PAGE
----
The diverse terrain and vegetation of Africa, from dense forests, sprawling grasslands, to deserts, offer habitat to over two hundred different species of primates. Different primate species enjoy varying weather and food sources and therefore prefer specific regions of Africa. We discuss some of the most notable species of African primates below.
These endangered animals share almost 98% of their genetic makeup with humans, making them our closest living relatives. Less than 300,000 chimpanzees belonging to four subspecies inhabit Africa, but their numbers are dwindling rapidly. The major reasons for their declining populations are- bushmeat trade, deforestation, and illegal wildlife trade. Known for their intelligence and industriousness, these social species live in large social groups. Researchers have observed chimpanzees using tools like rocks and sharp objects to forage, making them the first non-human animals to use tools. Grooming is an important aspect of their social life, and it promotes bonding. These omnivorous animals can eat a wide range of food, including insects, eggs, nuts, and even smaller monkeys and antelopes.
The four subspecies of chimpanzees living in Africa are the Western Chimpanzee, Nigerian Chimpanzee, Central African Chimpanzee, and Eastern Chimpanzee.
Ranging from 15kg to 37kg, baboons are amongst the world’s largest monkeys. Baboons are covered with thick fur except for their muzzles and tails. These animals prefer semi-arid habitats and savannahs of Africa. These highly social primates live in troops numbering as much as 300 individuals. The forage, travel, and sleep together. Young baboons play together, and female members of the troop have a kinship with the others. A dominant male, usually ranked by age or size, runs the troop. The primary sources of food for these omnivorous animals are seeds, berries, grass, and animals like fish, hare, earthworms, impalas, small antelopes, and birds. Baboons are aggressive and confrontational; they often fight amongst themselves for ranking and mating.
There are five distinct subspecies of baboons in Africa, namely Olive Baboon, Yellow Baboon, Guinea Baboon, Hamadryas Baboon, and Chacma Baboon.
Unlike other monkeys, Colobus monkeys do not have thumbs, hence their name, which is derived from the Greek word for “mutilated”. These monkeys are social, tree-dwelling, and remain active during the day. There are three genera of Colobus monkeys, each with their own subspecies- Black-and-white Colobus, Red Colobus, and Olive Colobus.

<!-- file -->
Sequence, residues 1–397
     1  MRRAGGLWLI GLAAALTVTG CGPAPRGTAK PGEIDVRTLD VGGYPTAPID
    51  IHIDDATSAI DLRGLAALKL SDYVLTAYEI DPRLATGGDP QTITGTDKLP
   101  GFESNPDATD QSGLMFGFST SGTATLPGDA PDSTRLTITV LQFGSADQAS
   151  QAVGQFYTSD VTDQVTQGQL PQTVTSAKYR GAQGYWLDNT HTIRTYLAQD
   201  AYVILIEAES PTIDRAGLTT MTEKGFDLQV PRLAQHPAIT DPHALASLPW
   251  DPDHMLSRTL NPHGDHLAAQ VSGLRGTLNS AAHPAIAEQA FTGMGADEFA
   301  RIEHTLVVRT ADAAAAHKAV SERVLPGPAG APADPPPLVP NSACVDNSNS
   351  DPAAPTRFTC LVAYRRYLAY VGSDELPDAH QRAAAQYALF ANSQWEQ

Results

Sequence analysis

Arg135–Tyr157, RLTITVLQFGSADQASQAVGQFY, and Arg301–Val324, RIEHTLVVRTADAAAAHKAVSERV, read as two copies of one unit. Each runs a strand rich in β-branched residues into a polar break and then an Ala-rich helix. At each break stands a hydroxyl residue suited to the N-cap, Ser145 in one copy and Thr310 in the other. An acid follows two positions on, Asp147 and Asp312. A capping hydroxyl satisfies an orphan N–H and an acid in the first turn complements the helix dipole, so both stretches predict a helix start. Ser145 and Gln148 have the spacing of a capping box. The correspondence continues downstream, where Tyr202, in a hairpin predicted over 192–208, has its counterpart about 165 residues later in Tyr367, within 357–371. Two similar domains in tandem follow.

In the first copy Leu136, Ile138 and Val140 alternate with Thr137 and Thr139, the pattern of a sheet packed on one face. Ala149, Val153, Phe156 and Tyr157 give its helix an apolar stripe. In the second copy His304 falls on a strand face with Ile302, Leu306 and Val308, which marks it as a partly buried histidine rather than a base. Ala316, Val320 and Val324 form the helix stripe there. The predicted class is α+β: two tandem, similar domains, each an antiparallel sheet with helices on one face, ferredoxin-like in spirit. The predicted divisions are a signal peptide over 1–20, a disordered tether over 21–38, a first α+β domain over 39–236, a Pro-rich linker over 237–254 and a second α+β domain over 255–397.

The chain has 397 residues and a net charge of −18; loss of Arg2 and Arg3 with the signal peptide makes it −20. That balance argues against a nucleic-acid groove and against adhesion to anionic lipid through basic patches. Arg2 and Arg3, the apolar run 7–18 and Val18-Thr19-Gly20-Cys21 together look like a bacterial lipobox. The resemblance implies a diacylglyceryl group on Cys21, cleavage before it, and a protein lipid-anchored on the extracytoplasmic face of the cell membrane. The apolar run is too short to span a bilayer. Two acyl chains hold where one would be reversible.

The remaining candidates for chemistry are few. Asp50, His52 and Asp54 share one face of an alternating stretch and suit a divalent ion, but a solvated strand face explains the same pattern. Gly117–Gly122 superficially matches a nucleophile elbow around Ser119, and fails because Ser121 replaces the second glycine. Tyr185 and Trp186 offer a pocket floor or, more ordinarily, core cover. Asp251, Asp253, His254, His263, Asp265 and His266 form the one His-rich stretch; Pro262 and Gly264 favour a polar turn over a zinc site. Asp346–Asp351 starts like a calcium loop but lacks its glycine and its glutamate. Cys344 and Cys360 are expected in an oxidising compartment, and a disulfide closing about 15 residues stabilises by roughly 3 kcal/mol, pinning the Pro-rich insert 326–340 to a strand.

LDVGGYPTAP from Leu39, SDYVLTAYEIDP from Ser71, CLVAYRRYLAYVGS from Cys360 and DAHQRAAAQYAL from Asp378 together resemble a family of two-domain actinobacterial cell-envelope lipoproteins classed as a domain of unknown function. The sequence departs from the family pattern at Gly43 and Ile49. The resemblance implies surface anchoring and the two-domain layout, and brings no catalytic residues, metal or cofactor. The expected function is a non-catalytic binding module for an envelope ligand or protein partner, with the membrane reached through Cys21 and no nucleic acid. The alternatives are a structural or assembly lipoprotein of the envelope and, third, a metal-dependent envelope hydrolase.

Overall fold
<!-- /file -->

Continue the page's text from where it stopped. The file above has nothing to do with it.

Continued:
The Black-and-white Colobus monkeys have beautiful black fur and long white mantle and whiskers. Their subspecies are- Angolan Colobus, Black Colobus, Guereza Colobus, King Colobus, and White-thighed Colobus.
Red Colobus monkeys have different species, each differing in behavior, facial expressions, patterns, and vocalizations. The subspecies found in Africa are- Ashy Red Colobus, Preuss’s Red Colobus, Udzungwa Red Colobus, Western Red Colobus, and Zanzibar Red Colobus.
These long-limbed quadrupedal monkeys can be recognized by their cheek pouches and deep depressions under the cheekbones. Their tails are almost as long as their head and body. Their size ranges from 16 to 35 inches. Males weigh as much as 11 kgs while females weigh about 6 kgs. These primates are highly social and communicate through specialized and loud vocalizations. Mangabeys have large front teeth that help them bite into fruit that is too hard for other animals. Their diet mainly comprises seeds, leaves, and fruit.
Their ten different subspecies are characterized by different body types and they live in different regions of Africa. Some of them are white-collared mangabey, sooty mangabey, Golden-bellied mangabey, Sanje mangabey, and Tana River mangabey.
These colorful, ground-dwelling monkeys inhabit the equatorial rainforests in Africa. They are easily identifiable thanks to their bright coloration and the thick ridges along with the nose, that range from pink, scarlet, blue, and purple. They have bare colored patches of skin on their face and buttocks, and the distinctive colors become brighter when a mandrill is excited. They live in troops headed by a dominant male. These troops, or hordes, can be as big as 800 members. Mandrills are omnivorous and feed on plants, fruits, mushrooms, and tree barks. Their sharp canines help them in biting into food, and their large cheek pouches help them store food for consumption at a later time. According to the IUCN List of threatened species, these animals are vulnerable because of the rampant hunting and habitat loss.
The Guenon genus includes at least 26 different species and 35 subspecies. These medium-sized primates have a rounded head, long back legs, and a long tail. They are notable for their striking color patterns and beautiful fur. These colorful and lively animals communicate, not just with sounds, but also with their different facial expressions. These animals are tree-dwellers, however, some groups also inhabit wetlands. These animals are social and territorial; they live in large groups comprising several young members and females and a single adult male. They band together for foraging. Their diet includes leaves, fruits, insects, and small animals.
Some easily spotted subspecies include the putty-nosed monkey, spot-nosed guenon, blue monkey, crowned monkey, and golden monkey.
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